Since you make repayments based on a percentage of your card sales, this form of financing is most suitable for businesses, such as shops and restaurants, that generate a significant portion of their revenue through card transactions.

Invoice finance

With invoice financing, you can borrow up to 90% of the amount owed to your business on outstanding invoices, making it a useful way to get a short-term cash injection.

There are two main types of invoice finance:

  • Invoice factoring – the lender essentially buys your invoices and collects payment directly from your customers

  • Invoice discounting – you remain responsible for collecting payment from your customers so you can refund the amount borrowed plus fees and interest (or the discount charge)

Some companies will also allow you to borrow against a specific invoice while continuing to take payment from your other customers.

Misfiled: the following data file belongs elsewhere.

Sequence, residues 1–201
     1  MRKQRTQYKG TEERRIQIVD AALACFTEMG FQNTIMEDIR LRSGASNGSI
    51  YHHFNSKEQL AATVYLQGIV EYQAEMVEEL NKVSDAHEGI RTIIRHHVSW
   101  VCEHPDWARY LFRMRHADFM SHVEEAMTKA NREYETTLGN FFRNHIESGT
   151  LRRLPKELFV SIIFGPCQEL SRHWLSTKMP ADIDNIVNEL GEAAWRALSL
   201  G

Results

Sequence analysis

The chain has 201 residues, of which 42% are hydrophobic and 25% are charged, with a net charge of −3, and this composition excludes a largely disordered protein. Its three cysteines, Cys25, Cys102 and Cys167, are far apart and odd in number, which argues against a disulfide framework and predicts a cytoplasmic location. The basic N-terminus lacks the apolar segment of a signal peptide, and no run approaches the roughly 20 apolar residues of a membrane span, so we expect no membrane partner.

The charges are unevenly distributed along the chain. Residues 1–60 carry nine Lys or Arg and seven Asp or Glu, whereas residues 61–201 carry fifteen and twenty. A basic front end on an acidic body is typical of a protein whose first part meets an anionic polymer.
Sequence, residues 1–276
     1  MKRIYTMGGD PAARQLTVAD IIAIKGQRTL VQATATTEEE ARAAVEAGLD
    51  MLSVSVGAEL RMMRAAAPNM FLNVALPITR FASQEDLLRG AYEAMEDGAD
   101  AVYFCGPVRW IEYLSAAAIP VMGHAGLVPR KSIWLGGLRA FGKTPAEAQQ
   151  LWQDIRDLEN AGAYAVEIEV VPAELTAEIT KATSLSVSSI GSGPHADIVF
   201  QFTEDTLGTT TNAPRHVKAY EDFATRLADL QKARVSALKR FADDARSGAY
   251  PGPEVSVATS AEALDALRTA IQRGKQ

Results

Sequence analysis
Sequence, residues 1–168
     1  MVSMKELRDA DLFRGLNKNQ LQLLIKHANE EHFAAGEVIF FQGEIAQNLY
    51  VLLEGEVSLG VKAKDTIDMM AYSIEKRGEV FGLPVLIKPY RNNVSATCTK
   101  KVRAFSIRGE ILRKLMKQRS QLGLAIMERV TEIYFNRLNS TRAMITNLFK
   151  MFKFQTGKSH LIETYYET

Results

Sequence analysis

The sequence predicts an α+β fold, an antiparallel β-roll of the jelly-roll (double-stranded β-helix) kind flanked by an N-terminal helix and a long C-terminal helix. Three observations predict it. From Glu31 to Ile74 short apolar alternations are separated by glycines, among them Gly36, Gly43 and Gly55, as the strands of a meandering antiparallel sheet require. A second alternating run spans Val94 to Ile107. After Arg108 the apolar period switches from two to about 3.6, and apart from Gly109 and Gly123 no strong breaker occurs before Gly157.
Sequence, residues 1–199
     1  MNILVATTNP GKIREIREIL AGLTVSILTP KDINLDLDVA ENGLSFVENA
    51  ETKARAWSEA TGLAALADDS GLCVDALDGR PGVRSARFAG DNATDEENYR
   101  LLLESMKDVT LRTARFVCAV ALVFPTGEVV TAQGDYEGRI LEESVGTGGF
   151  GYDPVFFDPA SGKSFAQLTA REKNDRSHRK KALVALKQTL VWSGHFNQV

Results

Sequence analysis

When can I get an emergency business loan?

Cash flow problems are commonplace in the SME world. Reasons you might need emergency business funding include:

  • Covering unexpected costs

  • Paying a sudden tax bill

  • Managing operating expenses such as payroll

  • Covering unpaid client invoices

To be approved for this type of finance, you need to meet certain conditions designed to help lenders determine whether you can stick to the agreed repayment schedule. 

For example, you need to have been trading for at least three months – often longer – and to have a monthly turnover of a certain amount, say £5,000.